How watching US drama "Billions" can boost our understanding of financial terminology

How watching US drama "Billions" can boost our understanding of financial terminology

You don’t have to work in the investment management industry to be sucked into the drama of Billions, but it might feel like you need to be an industry insider to keep up with the jargon.

Whether you are watching it on a weekly basis or waiting to binge-watch the latest season in one go, we’ve pulled together a jargon-buster guide to help you navigate the show’s more technical financial industry terms. 

Man watching TV with popcorn

What is Billions about?

Billions is a US drama following hedge fund manager Bobby “Axe” Axelrod as he attempts to beat the market and make “billions”. His approach is not always completely legal or ethical and his biggest challenge is getting past US Attorney General Chuck Rhoades, who has yet to lose an insider trading case. To complicate matters further, the in-house psychologist in whom Axe confides is Wendy Rhoades, Chuck’s wife. The show’s mix of politics and the ruthless pursuit of wealth, underlines the lengths to which white-collar criminals will go to make their fortunes and the perseverance of the lawyers who seek to catch them (sometimes by employing dubious methods themselves).

Hedge funds

Hedge funds are alternative investment funds, which due to their high-risk level are mostly used by professional investors. Like any investment fund, institutions or individuals with significant assets pool their money which is then invested by a fund manager. In a hedge fund, the investors are known as limited partners while the hedge fund manager is often called the general partner.

The general partner can invest in almost anything – such as land, property, currencies, stocks and complex products called derivatives – in line with the fund's agreed strategy. They tend to use hedging strategies to reduce risk (such as buying certain positions when they anticipate a market rise or short selling when they expect a decline. See the definition of short selling below). Hedge funds often borrow the money they invest in the hope of magnifying their returns. This is another reason that they are considered to be high risk.

Portfolio manager

Axe is a portfolio manager. He decides where and when to invest on behalf of his clients, based on research which is generally provided by analysts.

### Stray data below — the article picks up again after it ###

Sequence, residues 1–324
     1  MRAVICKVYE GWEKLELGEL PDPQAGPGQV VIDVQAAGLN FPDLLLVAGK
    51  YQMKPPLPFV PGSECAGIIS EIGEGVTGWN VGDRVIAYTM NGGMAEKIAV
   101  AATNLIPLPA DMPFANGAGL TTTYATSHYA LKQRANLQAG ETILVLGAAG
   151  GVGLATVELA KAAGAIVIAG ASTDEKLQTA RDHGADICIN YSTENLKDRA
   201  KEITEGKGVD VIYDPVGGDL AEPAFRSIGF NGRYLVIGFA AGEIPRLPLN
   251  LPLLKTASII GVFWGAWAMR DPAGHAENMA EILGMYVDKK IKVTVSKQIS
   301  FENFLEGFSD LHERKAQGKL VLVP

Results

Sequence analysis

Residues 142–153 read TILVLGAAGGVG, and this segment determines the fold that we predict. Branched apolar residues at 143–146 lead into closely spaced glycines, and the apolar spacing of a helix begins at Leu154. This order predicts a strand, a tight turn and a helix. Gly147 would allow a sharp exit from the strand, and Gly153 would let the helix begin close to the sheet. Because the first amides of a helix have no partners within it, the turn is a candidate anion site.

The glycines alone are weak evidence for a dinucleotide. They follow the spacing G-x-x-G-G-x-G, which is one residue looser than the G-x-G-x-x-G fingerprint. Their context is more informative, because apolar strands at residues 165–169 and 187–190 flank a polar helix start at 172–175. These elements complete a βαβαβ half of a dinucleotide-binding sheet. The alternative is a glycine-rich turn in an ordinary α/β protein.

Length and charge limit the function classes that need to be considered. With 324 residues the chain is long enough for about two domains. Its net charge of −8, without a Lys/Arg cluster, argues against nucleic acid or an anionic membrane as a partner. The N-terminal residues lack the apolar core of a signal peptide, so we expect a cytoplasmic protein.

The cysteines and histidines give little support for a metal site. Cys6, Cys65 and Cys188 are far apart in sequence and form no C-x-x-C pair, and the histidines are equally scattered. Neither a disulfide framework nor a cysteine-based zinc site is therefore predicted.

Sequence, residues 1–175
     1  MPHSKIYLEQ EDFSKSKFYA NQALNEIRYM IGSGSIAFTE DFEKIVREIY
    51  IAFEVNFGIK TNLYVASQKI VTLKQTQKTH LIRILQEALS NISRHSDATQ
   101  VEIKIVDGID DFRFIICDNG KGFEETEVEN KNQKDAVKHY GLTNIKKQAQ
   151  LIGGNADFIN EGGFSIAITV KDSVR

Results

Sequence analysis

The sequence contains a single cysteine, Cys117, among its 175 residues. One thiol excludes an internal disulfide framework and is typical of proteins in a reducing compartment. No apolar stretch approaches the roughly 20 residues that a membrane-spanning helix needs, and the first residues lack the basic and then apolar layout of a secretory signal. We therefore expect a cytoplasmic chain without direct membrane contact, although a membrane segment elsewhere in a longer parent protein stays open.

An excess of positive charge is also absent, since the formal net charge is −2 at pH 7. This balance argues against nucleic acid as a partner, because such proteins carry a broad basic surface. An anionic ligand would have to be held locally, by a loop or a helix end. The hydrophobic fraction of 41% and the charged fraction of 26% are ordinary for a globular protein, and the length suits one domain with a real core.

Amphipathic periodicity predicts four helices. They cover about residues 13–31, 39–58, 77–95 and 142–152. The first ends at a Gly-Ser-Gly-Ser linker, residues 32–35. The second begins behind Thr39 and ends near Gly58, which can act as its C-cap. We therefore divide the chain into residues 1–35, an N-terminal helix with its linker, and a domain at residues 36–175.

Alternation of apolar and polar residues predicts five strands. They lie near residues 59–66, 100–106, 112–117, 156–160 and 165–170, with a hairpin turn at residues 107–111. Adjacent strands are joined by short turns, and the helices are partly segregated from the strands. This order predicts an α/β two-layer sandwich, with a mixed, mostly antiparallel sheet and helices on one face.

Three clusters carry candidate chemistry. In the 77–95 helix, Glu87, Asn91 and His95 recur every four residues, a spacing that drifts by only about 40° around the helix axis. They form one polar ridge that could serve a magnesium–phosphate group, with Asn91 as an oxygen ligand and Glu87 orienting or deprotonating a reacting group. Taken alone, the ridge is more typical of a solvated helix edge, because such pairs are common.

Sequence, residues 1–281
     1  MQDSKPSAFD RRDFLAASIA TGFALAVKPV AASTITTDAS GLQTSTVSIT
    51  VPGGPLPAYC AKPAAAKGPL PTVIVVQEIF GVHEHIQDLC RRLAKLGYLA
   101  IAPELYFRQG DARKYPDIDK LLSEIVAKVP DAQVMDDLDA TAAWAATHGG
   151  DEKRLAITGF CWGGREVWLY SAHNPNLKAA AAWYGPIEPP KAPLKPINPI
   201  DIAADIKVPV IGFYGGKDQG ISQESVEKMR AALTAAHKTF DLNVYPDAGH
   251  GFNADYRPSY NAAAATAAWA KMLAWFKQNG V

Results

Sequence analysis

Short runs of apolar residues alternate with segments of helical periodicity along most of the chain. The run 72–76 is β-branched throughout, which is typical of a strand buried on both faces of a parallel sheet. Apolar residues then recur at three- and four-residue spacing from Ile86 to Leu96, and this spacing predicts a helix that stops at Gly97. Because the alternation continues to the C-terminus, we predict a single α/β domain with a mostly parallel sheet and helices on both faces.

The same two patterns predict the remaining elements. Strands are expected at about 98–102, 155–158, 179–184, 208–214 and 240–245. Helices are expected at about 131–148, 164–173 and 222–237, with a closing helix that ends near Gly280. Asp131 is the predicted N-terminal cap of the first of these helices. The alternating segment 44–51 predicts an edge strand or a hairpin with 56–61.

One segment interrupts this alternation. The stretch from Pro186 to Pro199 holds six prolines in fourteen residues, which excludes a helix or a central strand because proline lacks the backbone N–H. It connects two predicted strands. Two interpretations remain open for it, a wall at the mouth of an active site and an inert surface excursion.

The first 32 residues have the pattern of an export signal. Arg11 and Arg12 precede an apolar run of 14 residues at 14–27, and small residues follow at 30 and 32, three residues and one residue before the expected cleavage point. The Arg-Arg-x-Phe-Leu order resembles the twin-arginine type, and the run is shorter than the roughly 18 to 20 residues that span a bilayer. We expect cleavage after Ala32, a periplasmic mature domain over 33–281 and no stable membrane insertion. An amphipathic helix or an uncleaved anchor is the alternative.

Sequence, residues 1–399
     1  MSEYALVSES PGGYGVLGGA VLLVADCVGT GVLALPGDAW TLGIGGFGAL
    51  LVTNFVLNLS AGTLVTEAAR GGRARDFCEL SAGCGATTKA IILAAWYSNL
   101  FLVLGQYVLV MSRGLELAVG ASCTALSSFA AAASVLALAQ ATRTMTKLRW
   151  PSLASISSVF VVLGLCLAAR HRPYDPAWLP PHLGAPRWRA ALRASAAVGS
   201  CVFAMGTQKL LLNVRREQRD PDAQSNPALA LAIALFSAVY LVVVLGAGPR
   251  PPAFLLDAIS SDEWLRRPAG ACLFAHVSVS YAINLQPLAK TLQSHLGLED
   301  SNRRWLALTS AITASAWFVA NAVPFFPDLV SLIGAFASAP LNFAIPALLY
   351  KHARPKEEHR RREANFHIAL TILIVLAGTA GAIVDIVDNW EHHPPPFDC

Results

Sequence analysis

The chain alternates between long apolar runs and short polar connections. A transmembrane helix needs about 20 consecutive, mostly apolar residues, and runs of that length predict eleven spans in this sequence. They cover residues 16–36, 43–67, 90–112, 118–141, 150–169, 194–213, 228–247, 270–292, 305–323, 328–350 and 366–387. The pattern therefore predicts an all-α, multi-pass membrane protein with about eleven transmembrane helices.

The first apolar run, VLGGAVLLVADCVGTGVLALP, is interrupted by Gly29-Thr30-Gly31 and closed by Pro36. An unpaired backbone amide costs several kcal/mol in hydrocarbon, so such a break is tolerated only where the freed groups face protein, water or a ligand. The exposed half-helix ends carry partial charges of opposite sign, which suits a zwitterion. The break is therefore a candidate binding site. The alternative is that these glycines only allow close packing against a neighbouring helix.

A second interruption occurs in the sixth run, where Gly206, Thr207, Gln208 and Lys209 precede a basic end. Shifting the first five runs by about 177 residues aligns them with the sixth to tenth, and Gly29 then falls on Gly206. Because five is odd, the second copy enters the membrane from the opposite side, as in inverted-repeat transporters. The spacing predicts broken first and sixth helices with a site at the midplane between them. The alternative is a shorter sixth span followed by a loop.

Analysts provide the research on potential investments, allowing the portfolio manager to make informed investment decisions. They do this by looking at a variety of financial information relating to possible investments. For example, an analyst may speak to company management, examine a company’s financial statements, evaluate its competitive position in the industry in which it operates and consider how the economic environment may impact any investment.


Quants can refer to investment professionals or strategies where financial decisions are made based on complex mathematical algorithms and models. This is in contrast to analysts who use personal judgment rather than statistical models to arrive at an investment recommendation.  


When you borrow a sum of money to invest, the borrowed amount is known as leverage. One reason Axe and his friends use leverage is so they can make large investments, but without having to use all their cash. This allows them to have available cash to allocate elsewhere as necessary.

Another reason is because leverage increases the return on an initial investment. It’s similar to what happens when you buy a house. For example, you buy a flat for £100,000 and you put down £20,000 as a deposit. Your leverage (the amount you have borrowed) is £80,000. The property rises in value by 50% to £150,000. But your return is not 50%, it's 62.5%. This is because your £80,000 investment has increased by £50,000.

However, if the market goes the other way, your losses will be amplified. For non-professional investors, the general advice is don't invest until you have cleared your debts.


Derivatives, such as futures, options and swaps derive their value from other underlying financial instruments. A future, for example, is an agreement to buy or sell an asset on a specific date in the future at a price agreed today. If the value of the asset rises, the purchaser stands to make a profit.